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Wait, ?tahW: The Twisted Road to Right-to-Left Language Support

As the popularity and reach of FLOSS grows, so does the need to support more languages. Internationalization support varies greatly by language, because each language needs particular features that may or may not work properly. One of the most challenging problems in language support is dealing with languages that are right-to-left, and the 500 million speakers of RTL languages often find themselves at the very bottom of the heap.

In fact, the support of those languages – on Linux, other operating systems, and on the Web – is so abysmal that it is hard to find a single piece of software that properly supports all the necessary behaviors.

The effect of right-to-left languages extends beyond the writing and reading of the script. The direction of reading has a significant psychological effect – where your eyes shift on the screen, your expectations of where interface elements should be, and what you expect when typing in a bi-directional setting.

The issues become even more complicated in an environment that handles bi-directionality. The questions of how systems should behave when two languages of two different directions interact become almost mind boggling. And yet, these are behaviors that right-to-left users encounter on a regular basis, and the solutions that are offered today prove to be extremely lacking.

In this presentation, I will cover some critical aspects that right-to-left users run into when dealing with software and websites, and potential solutions that are available, while concentrating on what developers should look out for and remember when they consider support for RTL languages. I will discuss:

* Use cases for dealing with RTL scripts - visual vs. logical cursor movement, typing and selecting, and, worst (or best) of all, dealing with mixed content.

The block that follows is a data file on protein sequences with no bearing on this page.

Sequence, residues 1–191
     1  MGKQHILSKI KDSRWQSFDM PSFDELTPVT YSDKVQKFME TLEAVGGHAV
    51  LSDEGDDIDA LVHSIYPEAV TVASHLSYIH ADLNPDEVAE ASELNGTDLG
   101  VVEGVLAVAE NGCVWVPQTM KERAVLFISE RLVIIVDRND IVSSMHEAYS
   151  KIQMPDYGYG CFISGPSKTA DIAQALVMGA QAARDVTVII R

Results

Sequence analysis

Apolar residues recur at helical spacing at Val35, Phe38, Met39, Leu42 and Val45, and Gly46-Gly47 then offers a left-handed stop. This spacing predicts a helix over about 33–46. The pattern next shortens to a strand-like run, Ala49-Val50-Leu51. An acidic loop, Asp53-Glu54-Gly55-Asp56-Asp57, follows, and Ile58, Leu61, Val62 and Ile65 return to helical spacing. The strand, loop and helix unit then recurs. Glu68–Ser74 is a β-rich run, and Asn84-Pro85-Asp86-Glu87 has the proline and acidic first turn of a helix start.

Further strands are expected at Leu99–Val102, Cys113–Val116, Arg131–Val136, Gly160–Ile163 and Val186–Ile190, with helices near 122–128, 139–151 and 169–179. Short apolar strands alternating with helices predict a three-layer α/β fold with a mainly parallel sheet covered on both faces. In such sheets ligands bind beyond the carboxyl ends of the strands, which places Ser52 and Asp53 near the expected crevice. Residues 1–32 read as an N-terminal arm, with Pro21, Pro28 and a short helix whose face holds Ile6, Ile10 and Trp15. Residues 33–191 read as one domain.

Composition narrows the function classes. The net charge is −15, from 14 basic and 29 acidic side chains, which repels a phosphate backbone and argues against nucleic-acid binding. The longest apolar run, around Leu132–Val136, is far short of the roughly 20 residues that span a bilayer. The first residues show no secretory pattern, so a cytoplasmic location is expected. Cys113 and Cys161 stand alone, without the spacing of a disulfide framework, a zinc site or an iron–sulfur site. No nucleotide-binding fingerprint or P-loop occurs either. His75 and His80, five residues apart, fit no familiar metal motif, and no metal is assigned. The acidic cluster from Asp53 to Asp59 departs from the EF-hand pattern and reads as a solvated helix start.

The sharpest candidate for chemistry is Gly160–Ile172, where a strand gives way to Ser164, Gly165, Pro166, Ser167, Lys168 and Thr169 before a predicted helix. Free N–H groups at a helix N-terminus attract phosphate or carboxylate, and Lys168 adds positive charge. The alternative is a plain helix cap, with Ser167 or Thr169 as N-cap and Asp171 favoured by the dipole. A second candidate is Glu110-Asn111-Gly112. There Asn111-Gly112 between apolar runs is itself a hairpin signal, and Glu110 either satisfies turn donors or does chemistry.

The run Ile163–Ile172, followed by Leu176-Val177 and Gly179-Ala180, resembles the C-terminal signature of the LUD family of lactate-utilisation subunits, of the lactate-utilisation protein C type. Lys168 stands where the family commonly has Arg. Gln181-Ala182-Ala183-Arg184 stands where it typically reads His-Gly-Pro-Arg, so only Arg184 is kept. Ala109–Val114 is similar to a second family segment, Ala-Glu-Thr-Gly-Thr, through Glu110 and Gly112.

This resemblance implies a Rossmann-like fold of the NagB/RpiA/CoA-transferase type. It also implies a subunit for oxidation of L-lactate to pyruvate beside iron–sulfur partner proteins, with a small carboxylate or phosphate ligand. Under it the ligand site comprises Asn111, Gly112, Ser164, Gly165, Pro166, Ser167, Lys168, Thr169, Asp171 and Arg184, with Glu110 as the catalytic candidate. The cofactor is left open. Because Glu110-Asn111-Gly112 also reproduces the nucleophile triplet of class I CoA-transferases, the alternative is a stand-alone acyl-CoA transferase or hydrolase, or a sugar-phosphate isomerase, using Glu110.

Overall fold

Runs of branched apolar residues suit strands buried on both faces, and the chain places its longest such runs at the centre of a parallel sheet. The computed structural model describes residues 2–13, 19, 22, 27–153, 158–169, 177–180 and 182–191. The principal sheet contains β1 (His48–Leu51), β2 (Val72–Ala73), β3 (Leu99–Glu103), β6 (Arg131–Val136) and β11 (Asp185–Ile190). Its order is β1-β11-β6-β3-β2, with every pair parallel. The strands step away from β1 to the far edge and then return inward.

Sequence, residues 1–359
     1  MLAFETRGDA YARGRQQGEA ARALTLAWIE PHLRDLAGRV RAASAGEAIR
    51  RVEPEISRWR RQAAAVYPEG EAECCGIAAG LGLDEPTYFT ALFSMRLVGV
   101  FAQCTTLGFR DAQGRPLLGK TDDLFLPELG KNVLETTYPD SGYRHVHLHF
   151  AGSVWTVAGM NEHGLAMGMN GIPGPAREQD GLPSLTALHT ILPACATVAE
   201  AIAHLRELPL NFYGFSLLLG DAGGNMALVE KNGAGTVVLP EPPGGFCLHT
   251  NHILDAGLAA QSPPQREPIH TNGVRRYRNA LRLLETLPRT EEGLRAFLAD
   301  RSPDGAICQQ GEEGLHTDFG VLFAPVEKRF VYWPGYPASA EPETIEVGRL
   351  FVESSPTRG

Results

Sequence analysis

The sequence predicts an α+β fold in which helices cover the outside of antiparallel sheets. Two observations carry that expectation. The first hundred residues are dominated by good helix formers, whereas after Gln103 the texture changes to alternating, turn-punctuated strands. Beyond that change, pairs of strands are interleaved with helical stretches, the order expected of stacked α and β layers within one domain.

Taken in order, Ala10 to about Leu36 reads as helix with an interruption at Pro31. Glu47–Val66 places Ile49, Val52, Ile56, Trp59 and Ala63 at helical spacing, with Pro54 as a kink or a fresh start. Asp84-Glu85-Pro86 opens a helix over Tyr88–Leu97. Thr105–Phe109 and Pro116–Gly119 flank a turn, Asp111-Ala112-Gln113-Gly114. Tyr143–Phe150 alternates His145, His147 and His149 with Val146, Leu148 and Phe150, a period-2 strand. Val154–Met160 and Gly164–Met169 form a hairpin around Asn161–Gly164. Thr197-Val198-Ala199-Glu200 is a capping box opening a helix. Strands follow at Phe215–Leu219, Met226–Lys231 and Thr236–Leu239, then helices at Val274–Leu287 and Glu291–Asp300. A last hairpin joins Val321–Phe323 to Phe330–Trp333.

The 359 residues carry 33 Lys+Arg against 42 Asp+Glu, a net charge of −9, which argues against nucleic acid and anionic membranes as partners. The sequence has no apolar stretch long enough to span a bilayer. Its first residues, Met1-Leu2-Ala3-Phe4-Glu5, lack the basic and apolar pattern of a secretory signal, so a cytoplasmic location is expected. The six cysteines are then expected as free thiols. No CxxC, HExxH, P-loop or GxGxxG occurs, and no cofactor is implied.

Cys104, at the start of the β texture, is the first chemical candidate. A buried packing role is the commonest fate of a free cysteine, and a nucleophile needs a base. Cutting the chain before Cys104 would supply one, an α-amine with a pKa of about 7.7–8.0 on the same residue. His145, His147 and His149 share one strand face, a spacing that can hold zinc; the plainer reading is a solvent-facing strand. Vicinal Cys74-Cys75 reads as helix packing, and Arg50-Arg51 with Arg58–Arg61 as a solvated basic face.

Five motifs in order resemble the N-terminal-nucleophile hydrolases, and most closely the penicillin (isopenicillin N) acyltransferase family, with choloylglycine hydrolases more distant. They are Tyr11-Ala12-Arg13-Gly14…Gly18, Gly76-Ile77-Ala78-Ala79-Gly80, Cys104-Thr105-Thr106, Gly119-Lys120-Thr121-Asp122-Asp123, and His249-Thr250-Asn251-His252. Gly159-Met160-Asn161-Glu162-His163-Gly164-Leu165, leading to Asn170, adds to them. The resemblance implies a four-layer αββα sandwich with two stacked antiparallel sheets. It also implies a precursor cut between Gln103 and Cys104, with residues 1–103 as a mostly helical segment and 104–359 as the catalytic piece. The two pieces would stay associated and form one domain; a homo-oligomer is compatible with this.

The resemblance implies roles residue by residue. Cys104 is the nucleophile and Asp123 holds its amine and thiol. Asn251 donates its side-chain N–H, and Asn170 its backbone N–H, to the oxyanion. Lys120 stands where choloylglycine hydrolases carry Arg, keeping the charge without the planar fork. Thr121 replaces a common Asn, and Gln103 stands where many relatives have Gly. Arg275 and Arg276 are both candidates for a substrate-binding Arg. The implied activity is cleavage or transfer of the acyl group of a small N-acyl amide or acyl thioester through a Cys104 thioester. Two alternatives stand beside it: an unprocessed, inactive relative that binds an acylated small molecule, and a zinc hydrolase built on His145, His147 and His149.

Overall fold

* Examples from Linux distributions like Debian; the use of RTL file names in the GUI and terminal, typing in RTL in editors, etc.
* Unicode’s bi-directional algorithm and how it is utilized in Linux and on the Web; examples of hidden characters like “LRM” and “RLM” that preserve the directionality of embedded scripts, or LRO/RLO that force certain directionalities in strings.
* How the Web does it in general, and how specifically we at the Wikimedia Foundation handle translations, Wikipedias in RTL languages, and mixed LTR/RTL content.

Moriel Schottlender

Moriel is a physicist-turned Software Engineer who speaks and thinks right-to-left. She earned a B.Sc in Physics from City College of New York in 2011, with her research focused on “modeling the kinematic equation of a loosely bound spring bouncing down an inclined plane”, or, in plain English, finding the equation of the Slinky. After working for the American Institute of Physics, she continued to graduate school to earn her Masters in Computer Science from the New York Institute of Technology in 2014. Continuing her passion for science outreach, she has published a paper about Backtracking algorithms in Sudoku solvers (DOI: 10.1109/LISAT.2014.6845190) and developed an open source Web-based system for simulating astronomical systems ( In 2013, she joined the Wikimedia Foundation as a Google Summer of Code intern, focusing on developing tools that enable right-to-left language support in their visual editor. She stayed, and is currently working in Wikimedia’s Collaboration team, creating great Web interfaces that make right-to-left speakers happy.

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